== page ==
Interested to hear your feedback on the following strategy:
This is based on an article I wrote here, all the code, and my rather messy latex can be found on the link.
I have always been interested in trying to predict the beginning of a large trend. And this is my attempt at doing so.
So basically I want to fit a polynomial time trend using least squares on a rolling window. I decided to use a 24 hour rolling window, in order the model is sensitive enough to pick up movements in time to take advantage of them.
An illustration is given below:
(I made these numbers up for illustrative purposes)
So I want to fit a model on in-sample data (red line) and then extrapolate from that into the next few periods (black dashed line).
My decision making on entering trades is:
If predicted/close-1 > Long Threshold
If predicted/close -1 < Short Threshold
The idea here is that a quadratic trend can be approximated by a large forward looking model implied percentage change.
The preliminary results are as follows:
2% target and stop loss. with -+3% thresholds. Around 250 trades in 2 years. Look ahead = 2 periods
For the 30 minute timeframe, I just doubled the lookback/look_ahead from 24 to 48 periods, & 12 to 24 respectively. All else held constant. Although on 30 min timeframe there were 306 trades.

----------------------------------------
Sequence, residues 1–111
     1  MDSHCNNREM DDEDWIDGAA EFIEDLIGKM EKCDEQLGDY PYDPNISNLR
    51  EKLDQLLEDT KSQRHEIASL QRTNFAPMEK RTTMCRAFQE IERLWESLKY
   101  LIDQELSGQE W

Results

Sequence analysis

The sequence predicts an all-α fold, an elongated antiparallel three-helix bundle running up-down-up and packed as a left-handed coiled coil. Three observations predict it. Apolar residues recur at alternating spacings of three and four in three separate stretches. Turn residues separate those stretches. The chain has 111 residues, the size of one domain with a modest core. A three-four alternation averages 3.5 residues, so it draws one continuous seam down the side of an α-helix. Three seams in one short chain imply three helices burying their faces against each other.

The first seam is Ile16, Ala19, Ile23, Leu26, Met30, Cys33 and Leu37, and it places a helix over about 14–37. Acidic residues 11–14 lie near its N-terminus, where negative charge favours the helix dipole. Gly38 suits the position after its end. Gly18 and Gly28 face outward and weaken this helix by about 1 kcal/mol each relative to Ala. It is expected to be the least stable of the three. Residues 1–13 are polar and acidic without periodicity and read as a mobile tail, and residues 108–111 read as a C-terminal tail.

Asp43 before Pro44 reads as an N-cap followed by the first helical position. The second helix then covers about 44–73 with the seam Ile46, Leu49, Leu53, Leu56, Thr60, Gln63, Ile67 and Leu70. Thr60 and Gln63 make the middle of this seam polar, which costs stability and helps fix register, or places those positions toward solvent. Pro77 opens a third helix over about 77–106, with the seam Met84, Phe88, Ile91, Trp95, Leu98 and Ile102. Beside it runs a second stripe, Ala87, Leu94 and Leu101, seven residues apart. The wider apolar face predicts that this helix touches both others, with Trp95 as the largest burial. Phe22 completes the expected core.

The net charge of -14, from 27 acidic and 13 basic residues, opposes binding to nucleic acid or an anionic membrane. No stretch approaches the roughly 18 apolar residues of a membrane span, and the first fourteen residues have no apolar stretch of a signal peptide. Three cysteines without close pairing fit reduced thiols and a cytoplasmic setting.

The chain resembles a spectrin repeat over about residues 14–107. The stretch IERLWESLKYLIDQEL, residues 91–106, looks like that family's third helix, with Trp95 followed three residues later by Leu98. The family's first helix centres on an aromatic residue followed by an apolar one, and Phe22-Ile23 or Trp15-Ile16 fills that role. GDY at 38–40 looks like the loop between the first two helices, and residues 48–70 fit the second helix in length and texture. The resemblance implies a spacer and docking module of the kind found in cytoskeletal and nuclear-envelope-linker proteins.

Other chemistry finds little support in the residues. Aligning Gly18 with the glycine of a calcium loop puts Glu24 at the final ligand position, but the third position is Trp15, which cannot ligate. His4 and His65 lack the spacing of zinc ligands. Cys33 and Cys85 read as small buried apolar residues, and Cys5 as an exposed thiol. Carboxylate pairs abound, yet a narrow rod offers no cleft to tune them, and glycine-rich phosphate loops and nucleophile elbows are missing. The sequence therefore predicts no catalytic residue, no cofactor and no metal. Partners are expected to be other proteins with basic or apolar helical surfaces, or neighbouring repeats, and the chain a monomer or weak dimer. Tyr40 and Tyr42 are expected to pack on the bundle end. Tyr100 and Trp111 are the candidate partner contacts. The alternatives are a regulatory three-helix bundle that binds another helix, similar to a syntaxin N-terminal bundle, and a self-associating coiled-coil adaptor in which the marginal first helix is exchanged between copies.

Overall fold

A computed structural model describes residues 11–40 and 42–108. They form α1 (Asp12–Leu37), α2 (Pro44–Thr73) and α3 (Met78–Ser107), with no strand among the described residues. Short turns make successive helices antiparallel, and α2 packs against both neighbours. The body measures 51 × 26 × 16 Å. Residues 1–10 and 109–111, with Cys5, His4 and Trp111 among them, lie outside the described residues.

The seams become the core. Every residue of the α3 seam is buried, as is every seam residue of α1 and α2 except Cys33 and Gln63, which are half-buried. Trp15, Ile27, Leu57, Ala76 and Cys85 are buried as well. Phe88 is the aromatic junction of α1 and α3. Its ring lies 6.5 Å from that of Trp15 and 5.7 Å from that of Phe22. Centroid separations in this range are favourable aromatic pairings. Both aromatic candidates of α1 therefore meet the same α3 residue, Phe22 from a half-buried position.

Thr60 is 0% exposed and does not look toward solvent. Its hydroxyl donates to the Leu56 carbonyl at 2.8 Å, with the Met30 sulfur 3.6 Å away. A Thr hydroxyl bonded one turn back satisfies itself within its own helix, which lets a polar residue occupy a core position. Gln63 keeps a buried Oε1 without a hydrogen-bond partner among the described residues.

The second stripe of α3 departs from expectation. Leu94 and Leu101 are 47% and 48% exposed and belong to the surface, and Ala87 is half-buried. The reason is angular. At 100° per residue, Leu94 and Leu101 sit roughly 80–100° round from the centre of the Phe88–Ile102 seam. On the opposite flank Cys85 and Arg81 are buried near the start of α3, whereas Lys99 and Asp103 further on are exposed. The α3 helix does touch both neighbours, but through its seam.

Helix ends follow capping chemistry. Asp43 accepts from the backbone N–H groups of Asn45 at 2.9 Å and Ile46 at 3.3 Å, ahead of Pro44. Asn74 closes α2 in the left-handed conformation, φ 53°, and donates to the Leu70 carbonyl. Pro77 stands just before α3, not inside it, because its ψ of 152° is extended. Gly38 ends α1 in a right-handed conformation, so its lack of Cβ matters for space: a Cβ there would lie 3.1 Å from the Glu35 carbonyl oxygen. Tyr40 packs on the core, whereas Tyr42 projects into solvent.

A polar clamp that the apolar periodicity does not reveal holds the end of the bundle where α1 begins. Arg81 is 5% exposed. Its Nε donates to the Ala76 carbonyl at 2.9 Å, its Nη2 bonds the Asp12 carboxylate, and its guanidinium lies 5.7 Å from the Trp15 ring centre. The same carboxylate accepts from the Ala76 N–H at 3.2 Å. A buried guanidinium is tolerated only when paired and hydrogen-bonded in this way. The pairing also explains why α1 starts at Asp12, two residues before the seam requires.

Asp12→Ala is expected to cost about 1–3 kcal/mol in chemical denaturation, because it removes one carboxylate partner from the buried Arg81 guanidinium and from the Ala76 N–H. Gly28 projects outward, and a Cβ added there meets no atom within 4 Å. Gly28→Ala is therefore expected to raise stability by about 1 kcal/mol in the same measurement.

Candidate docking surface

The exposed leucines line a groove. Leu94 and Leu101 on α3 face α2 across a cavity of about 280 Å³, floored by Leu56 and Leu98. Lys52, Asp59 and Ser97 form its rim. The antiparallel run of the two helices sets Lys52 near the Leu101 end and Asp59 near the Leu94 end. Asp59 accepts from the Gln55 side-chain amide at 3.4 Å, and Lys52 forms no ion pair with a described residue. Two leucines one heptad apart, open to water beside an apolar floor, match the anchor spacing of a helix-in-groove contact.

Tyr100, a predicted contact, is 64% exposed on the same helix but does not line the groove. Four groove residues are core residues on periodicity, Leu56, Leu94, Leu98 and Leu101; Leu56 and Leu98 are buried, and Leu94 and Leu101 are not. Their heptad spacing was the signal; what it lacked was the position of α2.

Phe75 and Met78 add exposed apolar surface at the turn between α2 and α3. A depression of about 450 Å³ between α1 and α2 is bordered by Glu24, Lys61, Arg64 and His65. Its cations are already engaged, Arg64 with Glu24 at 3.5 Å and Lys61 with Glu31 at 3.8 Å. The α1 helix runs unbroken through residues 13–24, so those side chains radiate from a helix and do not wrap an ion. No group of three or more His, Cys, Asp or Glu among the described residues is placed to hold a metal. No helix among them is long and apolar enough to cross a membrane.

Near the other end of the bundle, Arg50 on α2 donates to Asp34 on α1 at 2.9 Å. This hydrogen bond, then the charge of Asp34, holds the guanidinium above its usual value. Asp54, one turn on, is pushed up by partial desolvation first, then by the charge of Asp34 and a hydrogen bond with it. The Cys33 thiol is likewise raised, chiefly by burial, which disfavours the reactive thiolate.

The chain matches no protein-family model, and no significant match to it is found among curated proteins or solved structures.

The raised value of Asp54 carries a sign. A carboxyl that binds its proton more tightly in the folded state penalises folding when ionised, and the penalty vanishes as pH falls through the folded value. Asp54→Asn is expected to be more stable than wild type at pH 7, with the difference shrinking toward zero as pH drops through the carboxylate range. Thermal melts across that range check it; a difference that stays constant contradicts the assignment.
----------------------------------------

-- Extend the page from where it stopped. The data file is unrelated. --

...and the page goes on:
I even checked the 5 minute timeframe, in order to keep the lookback constant at 24 hours the parameter becomes : 12 * 24 = 288, and I chose the lookahead at 4 periods. The number of trades goes up quite alarmingly to 601. But the results still look quite good:
The parameters for the following charts are exactly the same as Bitcoin above. I think I probably should have constrained the threshold a bit for Ethereum since it is so much more volatile in comparison to Bitcoin. Although I wanted to keep things constant as a sort of sanity check that I didn't overfit for Bitcoin.
666 trades (spooky)
Although transaction costs haven't been factored in, I think this is quite an interesting strategy that I may tweak a bit and move forward to paper trading ( probably to get a nasty surprise that it doesn't work as is the way with these things.)
I wonder if any of you guys with a strong background in statistics could perhaps point me in the right direction regarding something I found when researching this strategy. The plot below shows is taken from using the model described above to predict the +1 percentage change in Bitcoin. Notice that the red curve seems to be so similar to a Laplace distribution. I have had a look at the pdf of a Laplace and I am guessing the quadratic term in the model, causes this similarity. It looks like the tails of the realized distribution, are nicely approximated. I am wondering if anyone knows exactly why the predicted change looks like such a smooth Laplace curve, whereas the realized distribution is so 'jaggedy'? A pointer to textbooks / papers would be useful.
Submitted October 04, 2020 at 02:04PM by johncodearmo